Do GnRH Agonists Really Increase Body Weight Gain? Evaluation of a Multicentric Portuguese Cohort of Patients With Central Precocious Puberty

Ana Luísa Leite, Elisa Galo, Ana Antunes, Brígida Robalo, Daniela Amaral, Filipa Espada, Sofia Castro, Sara Simões Dias, Catarina Limbert

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Abstract

Introduction: There are several concerns associated with gonadotropin-releasing hormone agonist (GnRHa) treatment for central precocious puberty (CPP), such as obesity and changes in body mass index (BMI). We aimed to investigate whether any anthropometric differences exist and if they persist over time. Methods: We conducted an observational study of Portuguese children (both sexes) diagnosed with CPP between January 2000 and December 2017, using a digital platform, in order to analyze the influence of GnRHa treatment on BMI-SD score (BMI-SDS). Results: Of the 241 patients diagnosed with CPP, we assessed 92 patients (8% boys) in this study. At baseline, 39% of the patients were overweight. BMI-SDS increased with treatment for girls but then diminished 1 year after stopping GnRHa therapy (p = 0.018). BMI-SDS variation at the end of treatment was negatively correlated with BMI-SDS at baseline (p < 0.001). Boys grew taller and faster during treatment than did girls (p < 0.001), and therefore, their BMI-SDS trajectory might be different. Conclusions: This study showed an increase of body weight gain during GnRHa treatment only in girls, which reversed just 1 year after stopping treatment. The overall gain in BMI-SDS with treatment is associated with baseline BMI-SDS.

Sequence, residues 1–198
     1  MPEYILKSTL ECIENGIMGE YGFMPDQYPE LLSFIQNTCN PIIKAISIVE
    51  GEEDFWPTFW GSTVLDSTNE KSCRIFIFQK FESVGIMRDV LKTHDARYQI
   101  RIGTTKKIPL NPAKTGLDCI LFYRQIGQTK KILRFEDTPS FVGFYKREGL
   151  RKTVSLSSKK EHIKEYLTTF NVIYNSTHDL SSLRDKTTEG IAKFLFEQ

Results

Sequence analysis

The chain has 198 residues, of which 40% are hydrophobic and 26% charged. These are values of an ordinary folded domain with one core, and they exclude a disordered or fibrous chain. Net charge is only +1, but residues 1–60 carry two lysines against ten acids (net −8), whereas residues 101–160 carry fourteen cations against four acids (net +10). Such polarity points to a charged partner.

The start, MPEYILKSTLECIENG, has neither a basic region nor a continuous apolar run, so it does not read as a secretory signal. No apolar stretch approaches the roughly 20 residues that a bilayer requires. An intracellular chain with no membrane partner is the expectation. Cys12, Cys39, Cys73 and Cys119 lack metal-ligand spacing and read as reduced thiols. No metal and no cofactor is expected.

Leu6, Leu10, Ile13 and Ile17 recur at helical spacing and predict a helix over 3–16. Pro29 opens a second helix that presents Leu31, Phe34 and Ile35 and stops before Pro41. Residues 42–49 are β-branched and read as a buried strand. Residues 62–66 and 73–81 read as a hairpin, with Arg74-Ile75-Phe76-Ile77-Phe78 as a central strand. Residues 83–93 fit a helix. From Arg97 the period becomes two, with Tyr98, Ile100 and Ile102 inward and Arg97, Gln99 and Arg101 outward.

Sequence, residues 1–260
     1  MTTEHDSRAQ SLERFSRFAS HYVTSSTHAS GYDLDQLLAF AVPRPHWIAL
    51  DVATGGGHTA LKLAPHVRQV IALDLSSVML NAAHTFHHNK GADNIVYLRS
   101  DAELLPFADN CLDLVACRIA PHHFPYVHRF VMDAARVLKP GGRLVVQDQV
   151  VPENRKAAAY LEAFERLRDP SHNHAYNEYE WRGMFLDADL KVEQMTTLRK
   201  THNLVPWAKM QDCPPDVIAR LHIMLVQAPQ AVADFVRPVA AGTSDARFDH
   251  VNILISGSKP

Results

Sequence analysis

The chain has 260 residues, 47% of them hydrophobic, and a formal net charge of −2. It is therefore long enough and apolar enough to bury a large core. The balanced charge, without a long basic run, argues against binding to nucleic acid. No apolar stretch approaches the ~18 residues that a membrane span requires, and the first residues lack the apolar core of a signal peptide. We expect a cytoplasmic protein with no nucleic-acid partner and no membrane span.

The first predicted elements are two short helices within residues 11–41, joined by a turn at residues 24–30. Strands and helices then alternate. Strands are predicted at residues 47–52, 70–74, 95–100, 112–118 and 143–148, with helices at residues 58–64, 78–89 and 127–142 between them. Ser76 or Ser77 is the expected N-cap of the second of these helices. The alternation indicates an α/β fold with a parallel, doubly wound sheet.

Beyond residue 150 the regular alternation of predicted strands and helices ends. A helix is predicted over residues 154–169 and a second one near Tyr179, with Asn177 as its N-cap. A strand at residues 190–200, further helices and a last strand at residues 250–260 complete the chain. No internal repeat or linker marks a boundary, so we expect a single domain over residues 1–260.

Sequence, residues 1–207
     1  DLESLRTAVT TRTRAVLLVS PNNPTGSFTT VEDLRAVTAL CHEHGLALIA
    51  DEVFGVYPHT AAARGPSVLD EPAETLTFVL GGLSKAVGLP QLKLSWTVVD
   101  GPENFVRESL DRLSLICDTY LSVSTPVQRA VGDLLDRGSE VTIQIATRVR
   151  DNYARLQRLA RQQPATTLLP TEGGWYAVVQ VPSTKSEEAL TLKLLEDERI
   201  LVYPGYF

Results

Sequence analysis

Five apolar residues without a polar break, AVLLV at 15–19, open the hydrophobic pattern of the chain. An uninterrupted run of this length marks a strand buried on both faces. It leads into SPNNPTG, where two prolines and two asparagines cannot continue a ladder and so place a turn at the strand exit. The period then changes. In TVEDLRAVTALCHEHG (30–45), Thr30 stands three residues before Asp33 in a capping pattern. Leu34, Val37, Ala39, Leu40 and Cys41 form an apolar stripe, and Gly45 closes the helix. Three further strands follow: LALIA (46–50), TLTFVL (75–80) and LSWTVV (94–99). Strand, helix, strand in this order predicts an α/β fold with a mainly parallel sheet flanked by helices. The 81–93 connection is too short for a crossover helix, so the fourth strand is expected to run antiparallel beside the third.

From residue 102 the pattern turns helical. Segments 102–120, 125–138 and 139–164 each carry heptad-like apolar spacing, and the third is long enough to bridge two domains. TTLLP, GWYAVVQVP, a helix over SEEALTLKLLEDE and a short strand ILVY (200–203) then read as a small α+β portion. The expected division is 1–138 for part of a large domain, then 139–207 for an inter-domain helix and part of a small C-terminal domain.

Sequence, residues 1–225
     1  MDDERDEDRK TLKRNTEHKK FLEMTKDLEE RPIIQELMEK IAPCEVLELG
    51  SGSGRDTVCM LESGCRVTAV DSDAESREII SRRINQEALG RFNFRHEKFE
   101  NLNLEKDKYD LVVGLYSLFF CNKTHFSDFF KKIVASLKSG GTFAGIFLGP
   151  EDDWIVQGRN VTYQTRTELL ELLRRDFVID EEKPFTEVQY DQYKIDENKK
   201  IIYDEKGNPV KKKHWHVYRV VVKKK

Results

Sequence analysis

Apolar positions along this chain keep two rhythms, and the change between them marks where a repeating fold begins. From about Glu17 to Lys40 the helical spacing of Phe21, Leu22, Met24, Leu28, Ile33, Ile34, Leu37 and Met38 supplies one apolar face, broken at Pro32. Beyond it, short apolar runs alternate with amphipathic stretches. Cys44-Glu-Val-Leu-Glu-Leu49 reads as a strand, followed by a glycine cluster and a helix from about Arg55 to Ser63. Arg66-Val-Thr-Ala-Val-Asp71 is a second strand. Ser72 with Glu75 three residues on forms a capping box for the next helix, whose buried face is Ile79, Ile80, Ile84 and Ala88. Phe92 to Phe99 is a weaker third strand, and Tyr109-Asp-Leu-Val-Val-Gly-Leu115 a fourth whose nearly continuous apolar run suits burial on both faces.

Original languageEnglish
Article number816635
JournalFrontiers in Pediatrics
Volume10
DOIs
Publication statusPublished - 4 Mar 2022

Keywords

  • body mass index (BMI)
  • central precocious puberty (CPP)
  • GnRH agonists
  • obesity
  • weight gain (WG)

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